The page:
Dogs are our best friends. These furry friends are loyal, affectionate, and sweet. Pamper them and they’ll treat you like a master. Love them and they’ll love you back a hundred times more. Earn their trust and they are yours for life.
So it isn’t surprising that separation anxiety is one of the most common behavioral problems in dogs. If you have a dog, there's a chance that your pooch is experiencing separation anxiety. Each time you leave home for work, your overly attached mutt freaks out and worries when you’re coming back.
Remember that picture of a dog looking at a window, waiting for its owner to return? Separation anxiety in dogs is real, and it’s a serious problem that too many pet owners ignore.
There are different dog separation anxiety solutions. To implement them properly, it's important that you understand the symptoms first.
What are the symptoms of separation anxiety in dogs?
Nobody wants to be alone, and even dogs detest loneliness. Symptoms of separation anxiety in dogs include:
- constant barking, howling, whining
- chewing or digging
- door scratching
- urinating or defecating indoors
- pacing or circling
If your pup gets too excited when you get home and follows you everywhere in the house, then your dog has separation anxiety.
When overlooked, separation anxiety in dogs can result to torn shoes, damaged furniture, and broken home appliances. Severe cases include self-injury or aggressive behavior around people and will require prescribed dog separation anxiety medications.
Which dog breeds suffer from separation anxiety?
Dog separation anxiety isn’t really exclusive to specific breeds, but it is more common in some breeds than others. Breeds known to be “people-dogs” as well as gun dogs seem to be at higher risk. Both are used to spending a lot of quality time with their family, whether at home or out hunting.
If you’re looking to add a new pup to your life, keep in mind that these breeds are more prone to developing separation anxiety than others:
- Labrador Retriever
- German Shepherd
- Australian Shepherd
- Cocker Spaniel
- Bichon Frise
- Toy Poodle
- German Shorthaired Pointer
- Border Collie
How to help a dog with separation anxiety
So how to treat separation anxiety in dogs? Since it’s impossible for you to stay at home all the time, there are dog supplies that can help calm an anxious dog. You don’t want things to get worse.
Curing separation anxiety quickly is unlikely, so get patient. You might need to experiment with different supplies from the list.
1. Pet Monitoring Camera with Built-in Treat Dispenser
Pet cameras like the Petcube Bites, which is a wi-fi pet cam with a built-in treat dispenser, cure dog separation anxiety by letting you see, talk to, and play with your pup. You can use it to fling calming treats to your dog or just to remotely treat and reward your pooch for good behavior. Dog cameras are the latest breakthrough in pet care.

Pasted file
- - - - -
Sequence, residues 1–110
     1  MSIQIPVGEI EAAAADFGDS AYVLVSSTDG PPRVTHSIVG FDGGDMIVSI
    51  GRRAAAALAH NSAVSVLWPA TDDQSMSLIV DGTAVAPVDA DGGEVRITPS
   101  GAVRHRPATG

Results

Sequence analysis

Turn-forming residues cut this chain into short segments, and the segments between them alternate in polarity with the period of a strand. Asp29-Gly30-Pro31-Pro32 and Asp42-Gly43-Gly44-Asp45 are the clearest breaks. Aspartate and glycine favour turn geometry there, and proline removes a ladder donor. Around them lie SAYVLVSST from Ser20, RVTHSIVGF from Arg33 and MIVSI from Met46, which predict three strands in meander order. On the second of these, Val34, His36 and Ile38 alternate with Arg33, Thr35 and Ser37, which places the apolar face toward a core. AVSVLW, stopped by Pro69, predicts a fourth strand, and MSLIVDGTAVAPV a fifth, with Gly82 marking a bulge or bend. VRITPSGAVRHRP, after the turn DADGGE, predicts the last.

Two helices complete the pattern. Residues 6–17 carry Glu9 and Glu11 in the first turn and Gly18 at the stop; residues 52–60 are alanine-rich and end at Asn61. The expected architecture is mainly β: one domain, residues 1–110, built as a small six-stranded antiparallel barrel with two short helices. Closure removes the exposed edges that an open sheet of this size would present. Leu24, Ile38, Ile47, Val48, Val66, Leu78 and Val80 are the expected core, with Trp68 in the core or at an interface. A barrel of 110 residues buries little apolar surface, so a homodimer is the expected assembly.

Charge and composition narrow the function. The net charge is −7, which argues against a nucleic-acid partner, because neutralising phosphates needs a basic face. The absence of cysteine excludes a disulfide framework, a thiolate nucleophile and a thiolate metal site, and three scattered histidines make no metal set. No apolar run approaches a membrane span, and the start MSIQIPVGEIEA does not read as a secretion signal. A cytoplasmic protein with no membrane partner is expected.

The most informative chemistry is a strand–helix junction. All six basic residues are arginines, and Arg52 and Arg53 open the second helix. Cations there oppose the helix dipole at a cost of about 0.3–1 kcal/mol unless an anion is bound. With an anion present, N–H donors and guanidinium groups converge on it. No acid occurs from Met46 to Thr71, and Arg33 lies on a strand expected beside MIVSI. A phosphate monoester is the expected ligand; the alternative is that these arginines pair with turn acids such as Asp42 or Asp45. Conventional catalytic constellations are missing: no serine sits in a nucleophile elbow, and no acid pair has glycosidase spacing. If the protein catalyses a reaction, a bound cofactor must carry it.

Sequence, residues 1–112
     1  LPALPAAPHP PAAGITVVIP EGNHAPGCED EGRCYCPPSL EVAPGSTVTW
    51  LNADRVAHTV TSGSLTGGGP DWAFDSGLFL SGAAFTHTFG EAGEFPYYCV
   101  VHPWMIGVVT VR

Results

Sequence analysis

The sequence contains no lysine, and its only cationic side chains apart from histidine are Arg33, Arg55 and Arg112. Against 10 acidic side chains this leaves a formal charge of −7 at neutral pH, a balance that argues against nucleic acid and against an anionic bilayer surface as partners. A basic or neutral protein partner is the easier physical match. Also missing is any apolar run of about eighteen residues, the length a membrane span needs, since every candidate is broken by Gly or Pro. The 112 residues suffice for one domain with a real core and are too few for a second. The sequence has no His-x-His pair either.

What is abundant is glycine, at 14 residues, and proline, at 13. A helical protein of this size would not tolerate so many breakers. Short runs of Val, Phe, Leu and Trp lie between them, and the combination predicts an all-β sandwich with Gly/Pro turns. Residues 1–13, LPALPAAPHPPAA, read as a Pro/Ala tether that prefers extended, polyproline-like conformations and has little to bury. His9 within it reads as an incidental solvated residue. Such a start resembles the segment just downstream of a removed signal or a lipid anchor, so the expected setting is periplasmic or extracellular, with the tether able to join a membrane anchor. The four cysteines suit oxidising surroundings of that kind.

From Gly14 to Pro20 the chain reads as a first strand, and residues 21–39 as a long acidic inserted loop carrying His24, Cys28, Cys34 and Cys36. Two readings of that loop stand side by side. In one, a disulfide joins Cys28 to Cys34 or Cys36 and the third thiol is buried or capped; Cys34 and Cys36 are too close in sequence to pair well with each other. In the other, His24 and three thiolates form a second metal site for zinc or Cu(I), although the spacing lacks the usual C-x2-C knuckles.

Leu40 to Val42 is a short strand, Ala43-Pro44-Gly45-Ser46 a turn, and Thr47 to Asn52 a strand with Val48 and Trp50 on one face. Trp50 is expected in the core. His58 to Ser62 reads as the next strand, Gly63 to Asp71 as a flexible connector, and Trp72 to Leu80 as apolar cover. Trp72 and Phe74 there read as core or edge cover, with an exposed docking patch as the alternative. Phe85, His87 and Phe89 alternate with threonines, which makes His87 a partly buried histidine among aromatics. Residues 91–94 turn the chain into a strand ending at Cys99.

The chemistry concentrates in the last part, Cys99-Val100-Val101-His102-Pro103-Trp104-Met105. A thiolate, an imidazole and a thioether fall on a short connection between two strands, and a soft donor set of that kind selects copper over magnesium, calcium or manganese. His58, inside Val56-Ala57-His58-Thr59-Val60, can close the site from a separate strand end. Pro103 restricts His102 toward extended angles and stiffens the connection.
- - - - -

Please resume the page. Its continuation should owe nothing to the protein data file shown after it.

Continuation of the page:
These pet monitors feature 1080p HD video, 2-way audio, night vision, 3x digital zoom, and a built-in treat dispenser or laser toy.
Treat yourself and your pet to a Petcube Bites camera — now $70 off at petcube.com store.
2. Dog Separation Anxiety Vest
Swaddling jackets work like swaddling clothes for babies. These calming garments use gentle pressure to relieve pet anxiety.
The ThunderShirt is an example of an effective dog swaddle. Studies show that pressure wraps can promote relaxation and reduced anxiety in animals, particularly dogs.
3. Dog Anxiety Toys and Treats
Nothing beats a good old toy for an anxious mutt. They’re effective, cheap, and available in stores. Some of the common toys for dogs with separation anxiety are chew bones, treats, bully sticks, and puzzles.
KONG dog toys are probably the best dog separation anxiety toys. Stuff it with your dog’s favorite treat, and this will keep your pooch busy for quite some time.
Remember that dogs love toys that squeak. Offer toys when you leave the house and hide them as soon as you return home. It’s a healthy distraction while you’re away that will help you avoid dog anxiety medicines in the future.
4. Pet Radio or DogTV
This is one of the simple but often overlooked dog separation anxiety solutions. Turn up the music when you leave the house to keep your dog engaged. Dogs enjoy “species-specific” music that produce unique pitches, tones, and tempos.
Pet radios like Pet Acoustics are pre-loaded with music specifically made for canines. These songs have been digitally modified to emit different frequencies with varying decibels, which is why they are calming for dogs.
5. Anxiety Calming Supplements
Made from herbs, these supplements are natural dog anxiety solutions and a satisfying non-sedative snack. They are available as chewable tablets, water additives, or bone-shaped treats and help calm pups without the nasty side effects.
We’ve heard numerous success stories about the use of natural home remedies for dog anxiety such as chamomile, lemon balm, valerian, skullcap, and echinacea. However, dogs can respond differently, so consult your veterinarian when in doubt.
6. Essential Oils for Dog Anxiety
Another effective resource for dog anxiety treatment is aromatherapy. Essential oils include lavender, cedarwood, bergamot, vetiver, chamomile, ylang-ylang flower, clary sage, and sweet orange.
Some fragrances are said to produce neonatal pheromones, reminding dogs of their mothers and reducing anxiety. Just spray a diluted mixture of water and oil on your dog’s fur - don’t apply the straight oil directly to their skin.
Petcube products are designed for pet parents to always be close to their pets. With 1080p HD video, night vision, and cloud video history, you can monitor and interact with your pets anytime, anywhere. Chat and play laser tag with Petcube Play. Treat and train your pet with Petcube Bites.